David, a commercial fisherman from English, Indiana, was just served. On May 10, at least 50 federal agents from the U.S. Fish and Wildlife Service descended on his house in order to serve a warrant. The charge? Unlawfully opening one fish while not in a licensed facility.
"There was as many as you could possibly put on my stairway with assault rifles and down here on the ground pointing them at me."
"I said, 'You serve all your warrants like this for an illegal fish?'"
Raid allegedly came after informant encouraged bad behavior on the water
David runs Midwest Caviar. He seeks out paddlefish on the Ohio River for their eggs. That caviar must be removed in a legal facility, and he knows that.
Last season, though, he was fishing near Troy when the question came up. He suspected one fish was too small and suggested they throw it back.
Another man on the boat repeatedly encouraged him not to. "I said throw the fish back, and time and time again he said, 'Let's just take them [the eggs] out. Let's just take them out.'"
"I know you don't know me, and they can believe what they want but ... that's the first time I've ever done that in my fishing career, and that's the God's honest truth," David says.
That man urging the illegal fish opening turned out to be an informant, or an undercover agent.
During the raid on May 10, David says, the agents seized $20,000 in cash and checks, over $50,000 worth of caviar, his fishing records, one of his fishing boats and a truck.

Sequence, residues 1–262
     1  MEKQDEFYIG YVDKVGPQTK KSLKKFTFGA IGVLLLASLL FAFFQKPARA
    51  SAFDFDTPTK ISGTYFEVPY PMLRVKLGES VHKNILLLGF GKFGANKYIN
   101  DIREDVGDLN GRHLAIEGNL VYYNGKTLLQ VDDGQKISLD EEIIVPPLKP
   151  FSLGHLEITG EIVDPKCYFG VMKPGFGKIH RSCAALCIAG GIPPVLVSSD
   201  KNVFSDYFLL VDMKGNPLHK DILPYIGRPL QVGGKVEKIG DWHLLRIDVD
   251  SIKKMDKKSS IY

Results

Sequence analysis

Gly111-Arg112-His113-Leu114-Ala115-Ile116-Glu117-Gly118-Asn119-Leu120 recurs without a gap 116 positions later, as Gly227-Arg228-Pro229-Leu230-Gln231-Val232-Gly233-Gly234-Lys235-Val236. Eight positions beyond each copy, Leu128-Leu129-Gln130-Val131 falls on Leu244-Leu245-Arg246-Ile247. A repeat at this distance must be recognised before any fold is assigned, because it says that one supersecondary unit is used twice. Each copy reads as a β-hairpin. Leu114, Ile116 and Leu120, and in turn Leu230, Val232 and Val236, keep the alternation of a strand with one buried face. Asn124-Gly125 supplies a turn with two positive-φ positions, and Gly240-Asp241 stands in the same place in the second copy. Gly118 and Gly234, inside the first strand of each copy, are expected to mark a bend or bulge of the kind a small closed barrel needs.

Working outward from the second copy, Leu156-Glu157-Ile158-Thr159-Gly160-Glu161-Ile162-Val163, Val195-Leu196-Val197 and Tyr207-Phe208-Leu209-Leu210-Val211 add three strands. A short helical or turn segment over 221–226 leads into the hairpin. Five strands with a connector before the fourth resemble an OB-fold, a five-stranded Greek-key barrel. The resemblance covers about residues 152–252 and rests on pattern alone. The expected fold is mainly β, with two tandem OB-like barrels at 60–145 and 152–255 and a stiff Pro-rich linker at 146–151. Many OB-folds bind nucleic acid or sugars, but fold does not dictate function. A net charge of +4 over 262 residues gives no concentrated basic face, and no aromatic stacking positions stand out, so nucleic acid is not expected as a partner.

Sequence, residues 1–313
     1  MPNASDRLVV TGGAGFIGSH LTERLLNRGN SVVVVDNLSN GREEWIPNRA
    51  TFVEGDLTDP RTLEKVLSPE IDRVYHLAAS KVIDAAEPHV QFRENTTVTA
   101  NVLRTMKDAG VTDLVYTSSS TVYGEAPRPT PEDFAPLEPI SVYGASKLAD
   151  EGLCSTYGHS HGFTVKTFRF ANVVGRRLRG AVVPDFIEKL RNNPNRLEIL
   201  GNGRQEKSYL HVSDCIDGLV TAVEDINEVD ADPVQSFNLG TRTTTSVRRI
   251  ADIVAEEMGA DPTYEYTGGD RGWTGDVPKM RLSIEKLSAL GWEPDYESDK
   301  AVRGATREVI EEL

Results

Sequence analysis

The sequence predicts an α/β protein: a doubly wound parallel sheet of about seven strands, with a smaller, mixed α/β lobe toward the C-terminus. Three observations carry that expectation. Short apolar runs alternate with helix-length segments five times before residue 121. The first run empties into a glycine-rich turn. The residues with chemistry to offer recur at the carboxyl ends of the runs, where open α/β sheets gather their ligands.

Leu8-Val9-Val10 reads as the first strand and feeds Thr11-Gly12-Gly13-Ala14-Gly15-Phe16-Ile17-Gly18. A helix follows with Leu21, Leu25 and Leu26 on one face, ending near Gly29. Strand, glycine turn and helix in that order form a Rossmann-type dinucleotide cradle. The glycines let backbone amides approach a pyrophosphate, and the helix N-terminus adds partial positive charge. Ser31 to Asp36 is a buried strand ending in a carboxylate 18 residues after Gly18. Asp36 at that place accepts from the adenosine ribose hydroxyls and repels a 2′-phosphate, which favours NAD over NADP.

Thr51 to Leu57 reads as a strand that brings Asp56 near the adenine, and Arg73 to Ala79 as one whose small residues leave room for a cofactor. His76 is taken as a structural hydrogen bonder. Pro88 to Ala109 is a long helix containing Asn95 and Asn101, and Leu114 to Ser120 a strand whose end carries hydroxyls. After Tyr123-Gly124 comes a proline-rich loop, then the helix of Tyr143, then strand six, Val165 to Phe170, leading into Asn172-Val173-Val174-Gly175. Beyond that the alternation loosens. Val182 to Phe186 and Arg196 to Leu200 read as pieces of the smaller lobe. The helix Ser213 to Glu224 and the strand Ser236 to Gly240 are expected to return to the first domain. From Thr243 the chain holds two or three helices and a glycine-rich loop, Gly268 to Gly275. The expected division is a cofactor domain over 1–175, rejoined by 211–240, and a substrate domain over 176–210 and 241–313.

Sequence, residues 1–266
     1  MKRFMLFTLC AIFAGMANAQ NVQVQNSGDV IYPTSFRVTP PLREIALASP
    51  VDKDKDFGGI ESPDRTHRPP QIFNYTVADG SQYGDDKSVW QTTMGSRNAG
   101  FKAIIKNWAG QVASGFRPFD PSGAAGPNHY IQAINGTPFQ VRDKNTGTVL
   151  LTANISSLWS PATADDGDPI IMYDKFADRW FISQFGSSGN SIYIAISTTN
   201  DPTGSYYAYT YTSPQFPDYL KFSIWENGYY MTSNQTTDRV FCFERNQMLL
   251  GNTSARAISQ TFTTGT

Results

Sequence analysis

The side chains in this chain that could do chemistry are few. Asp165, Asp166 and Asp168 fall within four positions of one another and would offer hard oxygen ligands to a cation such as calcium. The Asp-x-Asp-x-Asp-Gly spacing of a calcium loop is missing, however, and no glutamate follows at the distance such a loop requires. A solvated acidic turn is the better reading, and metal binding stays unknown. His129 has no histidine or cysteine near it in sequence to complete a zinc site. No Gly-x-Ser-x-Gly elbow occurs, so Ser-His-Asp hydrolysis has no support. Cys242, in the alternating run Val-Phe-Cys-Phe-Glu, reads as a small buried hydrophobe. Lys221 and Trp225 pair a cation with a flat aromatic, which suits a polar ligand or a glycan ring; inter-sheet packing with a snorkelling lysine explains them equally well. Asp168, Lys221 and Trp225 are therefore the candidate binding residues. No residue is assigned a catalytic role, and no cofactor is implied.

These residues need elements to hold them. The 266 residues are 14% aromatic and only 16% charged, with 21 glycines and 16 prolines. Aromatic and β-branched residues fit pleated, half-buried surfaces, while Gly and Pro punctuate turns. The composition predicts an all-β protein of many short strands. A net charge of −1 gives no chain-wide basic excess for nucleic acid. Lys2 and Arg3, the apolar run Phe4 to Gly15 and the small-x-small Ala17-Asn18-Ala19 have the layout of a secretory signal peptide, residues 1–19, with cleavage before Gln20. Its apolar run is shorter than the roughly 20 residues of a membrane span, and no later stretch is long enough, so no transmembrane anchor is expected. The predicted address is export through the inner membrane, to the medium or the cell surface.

"They took everything we had," he told reporters.
Fish-related raid probably isn't the whole story, fisherman says
Interestingly, David's son's and his son in law's commercial fishing operations were also raided -- and no one has been arrested so far.
David suspects the raid was actually intended to target another business, Close Encounters Exotics, a wildlife preserve he used to operate. That was closed down due to a separate federal investigation. All that remains of Close Encounters Exotics is a horse and a few goats.
This case illustrates how confusing and threatening it can be when you encounter federal agents. You may not even know what they're truly looking for. They may take your money and property. They may bring 50 agents to serve a warrant.
The point is, the government has immense resources at its disposal, and it is more than happy to use them against you. If you believe you are under investigation by either Indiana authorities or the federal government, you need a lawyer now.